After that incident, she just started holding her poop. FOR DAYS. She was terrified to go. It had nothing to do with the potty, it all had to do with the act of pooping. She wouldn’t even go in a diaper. And our kid is STUBBORN. No incentives, no treats, nothing would work. After 3 days, we had to give her Miralax (which btw, is an excellent, non-habit forming, no-side-effects, tasteless stool softener that will work on the most stubborn of kids!) That worked. Her fear of pooping took about 3 weeks to subside, thanks to the help of Miralax every day which prevented her from holding it. We also used Lara Bars as positive reinforcement (since Layla thought they were dessert). So every time she pooped on the potty, she’d get like 1/8th of a Lara Bar, and lots of positive verbal reinforcement from us.
We thought we were in the clear.
Then, about 5-6 months later, the fear of pooping came back! We think this time it was because she had ONE uncomfortable poop, and then again, she just never wanted to go. Again, not related to the potty, just related to the act of pooping (again, when offered a pullup to go in, she said no). She was terrified of her poop “hurting her bum.” And again, no treats or bribes would work.
3 days, 4 days, and Miralax again. This time the fear was more persistent — because it’s 5 months later and we’re still dealing with the on and off anxiety about pooping. We’re almost 1 year from when we first declared Layla “potty trained!”
It was about this time that we started looking into books, and found this one, called “It Hurts When I Poop,” especially helpful. Layla really related to the main character and still talks to him from time to time (as an imaginary friend) when she’s feeling anxious about pooping.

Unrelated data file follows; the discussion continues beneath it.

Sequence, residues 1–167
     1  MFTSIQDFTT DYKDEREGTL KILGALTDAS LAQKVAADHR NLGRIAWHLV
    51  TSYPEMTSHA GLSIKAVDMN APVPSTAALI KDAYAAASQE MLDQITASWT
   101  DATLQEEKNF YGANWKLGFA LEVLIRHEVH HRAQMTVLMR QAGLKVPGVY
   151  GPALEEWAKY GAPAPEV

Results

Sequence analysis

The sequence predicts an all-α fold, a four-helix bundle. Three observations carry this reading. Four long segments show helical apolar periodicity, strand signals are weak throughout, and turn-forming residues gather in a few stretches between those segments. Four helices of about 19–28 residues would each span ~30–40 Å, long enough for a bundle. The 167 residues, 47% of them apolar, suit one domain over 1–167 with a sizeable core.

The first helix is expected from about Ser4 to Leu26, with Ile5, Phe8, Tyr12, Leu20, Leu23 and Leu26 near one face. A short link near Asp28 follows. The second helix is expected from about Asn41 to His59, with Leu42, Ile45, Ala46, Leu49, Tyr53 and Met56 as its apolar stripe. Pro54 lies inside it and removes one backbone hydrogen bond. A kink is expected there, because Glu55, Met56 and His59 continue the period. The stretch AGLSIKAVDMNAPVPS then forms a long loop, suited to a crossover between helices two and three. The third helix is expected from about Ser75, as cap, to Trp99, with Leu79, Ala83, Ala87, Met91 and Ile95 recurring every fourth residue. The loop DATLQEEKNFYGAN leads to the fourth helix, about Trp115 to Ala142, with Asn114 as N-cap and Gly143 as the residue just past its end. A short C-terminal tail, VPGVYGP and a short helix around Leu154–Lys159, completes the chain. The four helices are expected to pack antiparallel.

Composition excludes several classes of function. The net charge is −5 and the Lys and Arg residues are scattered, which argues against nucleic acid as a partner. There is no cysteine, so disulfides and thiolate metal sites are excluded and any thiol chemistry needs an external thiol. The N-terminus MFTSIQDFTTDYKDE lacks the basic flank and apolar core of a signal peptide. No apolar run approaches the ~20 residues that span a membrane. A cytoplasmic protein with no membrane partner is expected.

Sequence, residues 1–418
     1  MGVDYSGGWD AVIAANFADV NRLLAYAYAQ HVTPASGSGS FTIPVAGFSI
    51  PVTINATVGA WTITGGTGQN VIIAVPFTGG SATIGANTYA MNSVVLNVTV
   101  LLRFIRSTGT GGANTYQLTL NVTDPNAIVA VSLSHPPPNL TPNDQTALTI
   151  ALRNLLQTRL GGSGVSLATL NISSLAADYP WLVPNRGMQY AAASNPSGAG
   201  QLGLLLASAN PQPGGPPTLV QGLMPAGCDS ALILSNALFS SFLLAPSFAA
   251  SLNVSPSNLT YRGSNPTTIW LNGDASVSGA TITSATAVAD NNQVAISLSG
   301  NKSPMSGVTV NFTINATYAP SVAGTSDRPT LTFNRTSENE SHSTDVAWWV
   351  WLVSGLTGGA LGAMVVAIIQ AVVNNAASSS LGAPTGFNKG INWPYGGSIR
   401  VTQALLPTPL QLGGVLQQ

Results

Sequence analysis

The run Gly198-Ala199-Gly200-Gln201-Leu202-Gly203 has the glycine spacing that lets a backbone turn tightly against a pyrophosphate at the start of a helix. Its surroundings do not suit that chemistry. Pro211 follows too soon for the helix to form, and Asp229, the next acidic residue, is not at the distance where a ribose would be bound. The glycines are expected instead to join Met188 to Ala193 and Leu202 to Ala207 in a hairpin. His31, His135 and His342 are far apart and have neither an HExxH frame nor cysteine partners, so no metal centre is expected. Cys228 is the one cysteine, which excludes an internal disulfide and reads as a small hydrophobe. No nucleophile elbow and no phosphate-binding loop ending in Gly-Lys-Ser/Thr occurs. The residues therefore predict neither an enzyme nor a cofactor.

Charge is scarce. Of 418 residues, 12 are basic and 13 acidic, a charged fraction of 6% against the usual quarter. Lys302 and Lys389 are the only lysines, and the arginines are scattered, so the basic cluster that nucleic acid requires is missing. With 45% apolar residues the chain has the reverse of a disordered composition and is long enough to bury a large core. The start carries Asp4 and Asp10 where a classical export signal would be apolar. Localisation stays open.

At this point, because her anxiety was coming back on a weekly basis, I started hating the fact that I had to give her Miralax multiple times a week. First, because I didn’t like the idea of a constant stool softener (even though Miralax is mild and not habit forming), and second, to make it effective, you have to mix it in juice (and I definitely didn’t like the idea of giving her juice so often!)
Then, one of my friends came up with the brilliant idea of giving Layla baby prunes daily to help “keep things moving.” I used Plum Organics Baby Prunes and it worked like a charm!! I told Layla it was apple sauce, and she’d happily eat half a packet a day. I feel a lot better about it because it’s literally just organic prune paste. We’ve been doing that for about 2 weeks now and it has been working well.
But I have no illusions that we are completely over all anxieties about bodily functions. Our pediatrician said that sometimes when kids develop a fear of pooping or peeing or the toilet in general, that it can take months or even years to subside completely!! How crazy is that? That is the one thing I wish someone had told me when we were potty training Layla. That even when you think you’re done and think you’re in the clear, that regressions can still happen at the most random times.
So what’s my advice about potty training?
- Use whatever method works for you. There is no “right” way to potty train. I know parents that have had success with the 3 day method, parents who waited until their kid was ready and let them lead, and parents who got lucky (like us) and had their kid just potty train themselves with minimal accidents!
- Potty training is a PROCESS and regressions are common. I thought once we were done, we were done. But regressions can happen for a variety of reasons: anxiety, life changes, a new school or sibling, etc. can all trigger a regression with the potty.
- If you have a stubborn pooper, here are my favorite tools:
And if you have any questions or need advice about a stubborn toddler, don’t hesitate to reach out to me! We have been through the ringer with Layla, so I have tried just about every trick in the book at this point! I hope this post helps you with potty training your little one when the time comes!
TAGS: motherhood / parenting